We Americans do seem to stumble through our military history, and at a tremendous cost in American lives and wealth. I do support congressional oversight of the military, but it would be a fantastic help if members of congress were smart enough to know what questions need to be asked of our service chiefs. One congressman asked the CNO if he was not concerned that Guam would capsize. And even when they are smart enough to ask the right questions, and when they are lied to by senior officials, no action is ever taken against the liar —case in point, James Clapper lied when he said that the NSA does not collect (without warrant) data from the American people. He was never prosecuted for lying to congress. Is this just another example of two sets of laws or is it a case of congressional incompetence? Neither of these is good for our Republic. If the government believes that some citizen has violated federal law, then the Constitution requires the government to seek a warrant to collect intelligence on that person. Our government needs to get back to following the Constitution.

      DoD has also placed itself within the arena of political correctness. Was it a wise decision to open combat billets to women? Was it smart to allow service members to obtain sex-change operations at the public’s expense? Once that decision was made, then the DoD was no longer in a position to discharge the tranny because he-she-it was no longer physiologically qualified for deployment. How wise was it to allow Turkey, an on-the-cusp radical Islamist state, to obtain our most sophisticated (F-35) aircraft? Did we learn nothing from selling advanced F-4’s and F-16’s to Iran before its revolution?

      As with our legal system, war ought to be just. By just, I mean not only “justified,” but also fairly imposed. As an example, I do not understand why our government’s policy in Syria focuses on regime change. Why should we care who runs any country? Neither should Americans care “how” they run it. The only thing a foreign nation needs to know is that there will be grave consequences to any and every country that assaults our country, its citizens, or its property. Other than that, we must allow all other nations to pursue their own path. The US is not the world’s policeman. Neither is the US the world’s welfare bank. I see no justification for wasting billions of our money on foreign aid, for example.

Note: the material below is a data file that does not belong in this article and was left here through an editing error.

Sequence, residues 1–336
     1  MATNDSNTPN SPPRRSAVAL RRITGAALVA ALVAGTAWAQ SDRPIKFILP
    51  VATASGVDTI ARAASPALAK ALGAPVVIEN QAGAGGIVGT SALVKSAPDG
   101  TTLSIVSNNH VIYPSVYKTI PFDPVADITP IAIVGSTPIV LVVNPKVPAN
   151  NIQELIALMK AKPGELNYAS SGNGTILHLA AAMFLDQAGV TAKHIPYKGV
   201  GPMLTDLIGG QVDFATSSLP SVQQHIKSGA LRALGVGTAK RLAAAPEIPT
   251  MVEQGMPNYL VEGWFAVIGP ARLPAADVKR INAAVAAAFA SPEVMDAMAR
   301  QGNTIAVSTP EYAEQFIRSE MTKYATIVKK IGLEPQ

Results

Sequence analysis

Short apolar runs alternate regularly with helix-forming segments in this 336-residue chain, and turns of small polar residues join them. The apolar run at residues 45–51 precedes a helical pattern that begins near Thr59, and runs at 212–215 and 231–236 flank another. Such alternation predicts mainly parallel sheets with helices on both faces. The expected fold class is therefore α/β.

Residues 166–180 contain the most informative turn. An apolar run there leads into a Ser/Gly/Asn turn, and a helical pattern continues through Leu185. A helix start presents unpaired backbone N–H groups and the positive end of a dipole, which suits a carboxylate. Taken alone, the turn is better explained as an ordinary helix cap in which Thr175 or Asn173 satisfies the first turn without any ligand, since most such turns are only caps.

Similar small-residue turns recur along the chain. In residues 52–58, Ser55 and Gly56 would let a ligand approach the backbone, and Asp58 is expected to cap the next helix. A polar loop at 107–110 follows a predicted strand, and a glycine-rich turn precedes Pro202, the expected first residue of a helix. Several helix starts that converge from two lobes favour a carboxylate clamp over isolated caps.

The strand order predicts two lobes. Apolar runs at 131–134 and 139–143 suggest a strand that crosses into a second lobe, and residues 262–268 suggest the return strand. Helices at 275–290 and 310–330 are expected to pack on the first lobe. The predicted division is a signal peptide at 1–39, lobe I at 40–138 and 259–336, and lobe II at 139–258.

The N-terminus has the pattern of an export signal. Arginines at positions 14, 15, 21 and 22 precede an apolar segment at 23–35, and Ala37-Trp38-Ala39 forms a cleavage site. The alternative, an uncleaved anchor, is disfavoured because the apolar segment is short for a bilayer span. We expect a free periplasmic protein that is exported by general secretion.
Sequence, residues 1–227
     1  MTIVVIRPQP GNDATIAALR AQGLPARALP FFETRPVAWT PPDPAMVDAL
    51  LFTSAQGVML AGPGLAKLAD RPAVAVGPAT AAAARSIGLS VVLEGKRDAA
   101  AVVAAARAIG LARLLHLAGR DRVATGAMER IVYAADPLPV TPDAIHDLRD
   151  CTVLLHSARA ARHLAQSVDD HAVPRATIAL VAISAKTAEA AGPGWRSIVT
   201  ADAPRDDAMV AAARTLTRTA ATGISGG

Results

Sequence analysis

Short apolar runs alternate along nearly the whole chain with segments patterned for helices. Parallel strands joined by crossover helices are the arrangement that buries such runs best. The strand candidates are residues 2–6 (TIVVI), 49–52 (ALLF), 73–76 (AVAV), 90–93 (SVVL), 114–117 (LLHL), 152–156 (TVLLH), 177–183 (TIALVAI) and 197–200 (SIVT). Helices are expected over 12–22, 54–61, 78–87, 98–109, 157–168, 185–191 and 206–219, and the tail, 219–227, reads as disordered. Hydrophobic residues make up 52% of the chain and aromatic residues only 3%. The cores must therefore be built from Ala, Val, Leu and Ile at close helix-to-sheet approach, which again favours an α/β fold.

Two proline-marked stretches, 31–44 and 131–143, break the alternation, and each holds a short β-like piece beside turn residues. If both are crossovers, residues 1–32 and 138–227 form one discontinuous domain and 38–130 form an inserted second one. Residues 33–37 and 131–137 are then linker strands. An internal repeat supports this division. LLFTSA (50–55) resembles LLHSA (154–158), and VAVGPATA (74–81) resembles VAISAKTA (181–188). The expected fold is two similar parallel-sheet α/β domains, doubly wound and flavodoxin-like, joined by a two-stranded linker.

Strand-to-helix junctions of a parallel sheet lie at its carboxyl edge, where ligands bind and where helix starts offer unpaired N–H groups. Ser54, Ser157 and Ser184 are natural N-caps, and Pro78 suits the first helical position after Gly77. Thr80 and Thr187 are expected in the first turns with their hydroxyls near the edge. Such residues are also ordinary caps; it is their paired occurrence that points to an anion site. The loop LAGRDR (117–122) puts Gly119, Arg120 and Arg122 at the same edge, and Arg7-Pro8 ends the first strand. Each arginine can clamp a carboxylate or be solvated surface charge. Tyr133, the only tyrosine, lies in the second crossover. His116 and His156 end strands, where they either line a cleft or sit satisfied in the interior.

Most Americans are unaware of the fact that at no time in history has America’s security been in greater danger than it is today. It would take Iran no more than one hour to completely shut down the US electrical grid. What would be the impact of this? It would bring the United States to a sudden and long-lasting halt. Recall the 1951 film “The Day the Earth Stood Still.” It would be just like that, only worse —much worse. No electricity = no water, no food, no transportation, no access to our bank accounts.

      What this all boils down to is who the American people elect … and as we all know, elections do produce consequences. The presidential elections matter: it is the president who appoints incompetent or corrupt heads of government. Senatorial elections matter: it is the senate that confirms all presidential appointments. House elections matter: they pass laws that allocates wasteful spending. Voters matter because they keep electing the same corrupt politicians election cycle after election cycle. And finally Americans must realize that money, like water, is a limited resource.

      The United States is now keeping company with Alice in Wonderland; as a nation, we’ve fallen down the rabbit hole. Thank you for your excellent comment, David. You managed to “fire me up.”

      Liked by 2 people

    • bunkerville Says:

      I checked out wikipedia for information on the New Jersey… talk about schizophrenic and what a waste of money.

      Liked by 1 person